Italy’s supreme court has ruled that cultivating cannabis on a small scale for personal use is legal, in a landmark judgment expected to provoke controversy.
After being asked to clarify previous conflicting interpretations of the law, the Court of Cassation decided that the crime of growing narcotic drugs should exclude “small amounts grown domestically for the exclusive use of the grower”.
Details of the decision, made on December 19th but revealed in recent days, have already provoked a critical response from organisations that deal with drug-dependency, suggesting the debate on this ruling could run.
“The court has opened the way, now it’s up to us,” said Matteo Mantero, a senator from the governing coalition party, the 5-Star Movement. Mr Mantero presented an amendment to the 2020 budget calling for legalisation and regulation of domestic cannabis use, but it was ruled inadmissible by the senate speaker from Silvio Berlusconi’s conservative Forza Italia party.
“Drugs cause harm, forget about growing them or buying them in shops,” Matteo Salvini, leader of the right-wing League Party said in a statement on Friday, in reference to shops selling low-strength “legal weed” that are widespread in Italy.
Maurizio Gasparri, a senator from Forza Italia which is allied to the League, said the first law the centre-Right coalition would approve if it came to power “will cancel the absurd verdict of the court”.
Even though the Supreme Court in 2008 ruled the cultivation of cannabis plants to be illegal, irrespective of whether it was for commercial use or for purely private use, the issue has remained confused with different courts at different levels issuing contradictory judgments.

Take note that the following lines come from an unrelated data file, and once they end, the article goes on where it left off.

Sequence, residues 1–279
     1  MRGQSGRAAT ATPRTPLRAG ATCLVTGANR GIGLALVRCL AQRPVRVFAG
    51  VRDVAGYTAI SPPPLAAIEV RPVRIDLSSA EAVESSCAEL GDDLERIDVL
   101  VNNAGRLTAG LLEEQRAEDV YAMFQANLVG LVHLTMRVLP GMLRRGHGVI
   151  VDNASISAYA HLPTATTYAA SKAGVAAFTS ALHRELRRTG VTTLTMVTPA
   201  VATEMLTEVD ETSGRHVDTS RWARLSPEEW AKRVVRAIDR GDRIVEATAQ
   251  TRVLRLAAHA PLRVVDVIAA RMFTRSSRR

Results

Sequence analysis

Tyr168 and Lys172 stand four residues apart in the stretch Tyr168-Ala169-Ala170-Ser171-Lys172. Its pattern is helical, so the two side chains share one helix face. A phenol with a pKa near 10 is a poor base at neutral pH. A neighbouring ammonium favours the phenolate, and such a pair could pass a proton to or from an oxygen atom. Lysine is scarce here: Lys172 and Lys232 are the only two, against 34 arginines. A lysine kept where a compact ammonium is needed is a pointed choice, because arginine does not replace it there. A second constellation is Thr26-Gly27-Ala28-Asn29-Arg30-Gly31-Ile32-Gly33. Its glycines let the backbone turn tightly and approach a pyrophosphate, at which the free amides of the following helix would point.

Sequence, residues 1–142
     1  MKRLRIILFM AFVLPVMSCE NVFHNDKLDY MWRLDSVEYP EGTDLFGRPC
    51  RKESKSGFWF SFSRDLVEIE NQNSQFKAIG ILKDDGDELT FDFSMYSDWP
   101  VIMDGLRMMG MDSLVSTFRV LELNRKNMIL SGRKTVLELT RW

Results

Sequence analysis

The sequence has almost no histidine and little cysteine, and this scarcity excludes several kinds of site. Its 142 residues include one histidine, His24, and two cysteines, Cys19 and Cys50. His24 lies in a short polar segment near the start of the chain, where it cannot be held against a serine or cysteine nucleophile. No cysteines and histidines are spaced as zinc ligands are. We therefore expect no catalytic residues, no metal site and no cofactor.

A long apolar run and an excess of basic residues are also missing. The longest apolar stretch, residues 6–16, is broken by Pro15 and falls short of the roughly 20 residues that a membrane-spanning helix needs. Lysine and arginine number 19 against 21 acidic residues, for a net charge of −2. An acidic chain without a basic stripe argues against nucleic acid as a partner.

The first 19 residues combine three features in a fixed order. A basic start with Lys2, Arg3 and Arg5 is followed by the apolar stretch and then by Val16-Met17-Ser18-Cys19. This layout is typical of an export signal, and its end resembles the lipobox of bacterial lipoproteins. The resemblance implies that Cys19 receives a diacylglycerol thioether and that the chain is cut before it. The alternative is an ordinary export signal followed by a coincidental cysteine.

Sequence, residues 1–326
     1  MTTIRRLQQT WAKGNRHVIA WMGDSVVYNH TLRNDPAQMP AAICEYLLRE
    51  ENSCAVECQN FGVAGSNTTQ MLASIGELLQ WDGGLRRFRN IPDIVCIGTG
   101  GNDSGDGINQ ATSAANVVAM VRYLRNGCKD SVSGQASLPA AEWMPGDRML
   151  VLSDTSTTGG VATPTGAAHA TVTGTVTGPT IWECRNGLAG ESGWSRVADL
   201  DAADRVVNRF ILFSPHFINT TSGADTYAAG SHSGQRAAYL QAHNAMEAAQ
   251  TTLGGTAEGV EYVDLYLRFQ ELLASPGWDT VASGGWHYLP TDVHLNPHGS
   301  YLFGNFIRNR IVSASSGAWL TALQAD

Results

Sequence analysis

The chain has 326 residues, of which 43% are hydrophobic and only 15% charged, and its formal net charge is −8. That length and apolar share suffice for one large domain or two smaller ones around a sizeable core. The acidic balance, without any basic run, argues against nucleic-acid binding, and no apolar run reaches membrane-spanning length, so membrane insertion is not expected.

This month’s case came before the Court of Cassation last October when a 29-year-old Neapolitan lodged an appeal against the findings of the Naples Court of Appeal which had sentenced him to a one-year sentence for having grown two cannabis plants with which he made a joint.
The new verdict effectively overturns the Naples ruling, stating that while the growing of cannabis plants remains illegal, if it is being grown for personal consumption then no law has been broken.
However, while the supreme court sets out a line of interpretation, it does not necessarily follow that every other court in Italy will follow the line established by this latest ruling. Groups and organisations that work to combat drug dependency have also expressed grave reservations.
The conservative Livatino Study Centre on Sunday argued that the ruling represented an “alarming disassociation from reality”, citing research showing that cannabis is the most widely used drug among young Italians.
“To rule that the domestic cultivation of drugs is legal… shows a worrying disassociation from reality as well as being hypocritical, given that the increased defusion of drugs everyday kills more innocent victims.”
However, many public figures and Leftist politicians welcomed the ruling. Former Radical and current party secretary of the pro-European “Piu Europa” party, Benedetto Dalla Vedova, called it a ruling “full of good sense”. He said: “Now that we have legalised cannabis, society will be more secure because billions have been taken from the revenues of organised crime”.
In 2016, legislation allowed cannabis with a psychotropic active ingredient level below 0.6 per cent to be sold in legal weed shops.